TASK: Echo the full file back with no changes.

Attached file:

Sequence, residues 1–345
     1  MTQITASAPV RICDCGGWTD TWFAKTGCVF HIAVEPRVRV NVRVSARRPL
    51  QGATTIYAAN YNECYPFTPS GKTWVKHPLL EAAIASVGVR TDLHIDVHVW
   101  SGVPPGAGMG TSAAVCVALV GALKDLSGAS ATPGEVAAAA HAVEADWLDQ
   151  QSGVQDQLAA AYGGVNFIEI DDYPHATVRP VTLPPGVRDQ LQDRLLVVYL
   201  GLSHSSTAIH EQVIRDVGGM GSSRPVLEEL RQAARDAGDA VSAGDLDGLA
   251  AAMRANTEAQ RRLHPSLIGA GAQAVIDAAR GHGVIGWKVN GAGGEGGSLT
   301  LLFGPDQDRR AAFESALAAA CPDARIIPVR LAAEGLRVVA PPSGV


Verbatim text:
Sequence, residues 1–345
     1  MTQITASAPV RICDCGGWTD TWFAKTGCVF HIAVEPRVRV NVRVSARRPL
    51  QGATTIYAAN YNECYPFTPS GKTWVKHPLL EAAIASVGVR TDLHIDVHVW
   101  SGVPPGAGMG TSAAVCVALV GALKDLSGAS ATPGEVAAAA HAVEADWLDQ
   151  QSGVQDQLAA AYGGVNFIEI DDYPHATVRP VTLPPGVRDQ LQDRLLVVYL
   201  GLSHSSTAIH EQVIRDVGGM GSSRPVLEEL RQAARDAGDA VSAGDLDGLA
   251  AAMRANTEAQ RRLHPSLIGA GAQAVIDAAR GHGVIGWKVN GAGGEGGSLT
   301  LLFGPDQDRR AAFESALAAA CPDARIIPVR LAAEGLRVVA PPSGV